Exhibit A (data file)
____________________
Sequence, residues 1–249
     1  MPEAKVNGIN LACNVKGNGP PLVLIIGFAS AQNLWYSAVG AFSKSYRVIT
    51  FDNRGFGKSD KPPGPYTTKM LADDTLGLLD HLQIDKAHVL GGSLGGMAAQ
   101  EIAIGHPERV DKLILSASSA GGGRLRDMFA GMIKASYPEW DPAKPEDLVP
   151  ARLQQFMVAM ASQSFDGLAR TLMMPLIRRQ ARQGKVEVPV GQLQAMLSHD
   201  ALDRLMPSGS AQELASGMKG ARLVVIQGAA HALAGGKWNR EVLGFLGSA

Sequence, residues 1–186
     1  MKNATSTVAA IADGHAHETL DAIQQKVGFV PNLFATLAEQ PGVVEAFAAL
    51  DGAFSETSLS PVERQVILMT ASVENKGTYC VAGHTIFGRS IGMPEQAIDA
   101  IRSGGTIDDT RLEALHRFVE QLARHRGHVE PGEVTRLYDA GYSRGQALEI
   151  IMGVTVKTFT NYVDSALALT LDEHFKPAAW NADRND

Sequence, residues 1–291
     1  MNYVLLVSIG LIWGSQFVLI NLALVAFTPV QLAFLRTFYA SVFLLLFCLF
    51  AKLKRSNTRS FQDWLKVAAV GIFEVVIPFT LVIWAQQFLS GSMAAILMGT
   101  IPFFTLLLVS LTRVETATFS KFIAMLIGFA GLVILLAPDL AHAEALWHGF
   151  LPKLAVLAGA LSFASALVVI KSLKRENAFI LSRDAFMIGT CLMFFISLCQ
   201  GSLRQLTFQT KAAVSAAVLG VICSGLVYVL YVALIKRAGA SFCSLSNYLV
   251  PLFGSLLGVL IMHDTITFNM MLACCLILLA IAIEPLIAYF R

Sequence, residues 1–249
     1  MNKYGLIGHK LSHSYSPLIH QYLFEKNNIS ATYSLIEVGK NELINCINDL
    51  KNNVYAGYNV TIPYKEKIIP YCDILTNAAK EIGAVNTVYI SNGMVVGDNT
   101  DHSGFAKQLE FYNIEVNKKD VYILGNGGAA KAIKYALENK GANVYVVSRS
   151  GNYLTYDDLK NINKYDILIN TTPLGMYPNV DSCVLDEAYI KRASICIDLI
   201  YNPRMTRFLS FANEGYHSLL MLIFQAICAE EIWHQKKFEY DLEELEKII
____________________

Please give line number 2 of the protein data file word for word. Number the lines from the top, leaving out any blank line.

     1  MPEAKVNGIN LACNVKGNGP PLVLIIGFAS AQNLWYSAVG AFSKSYRVIT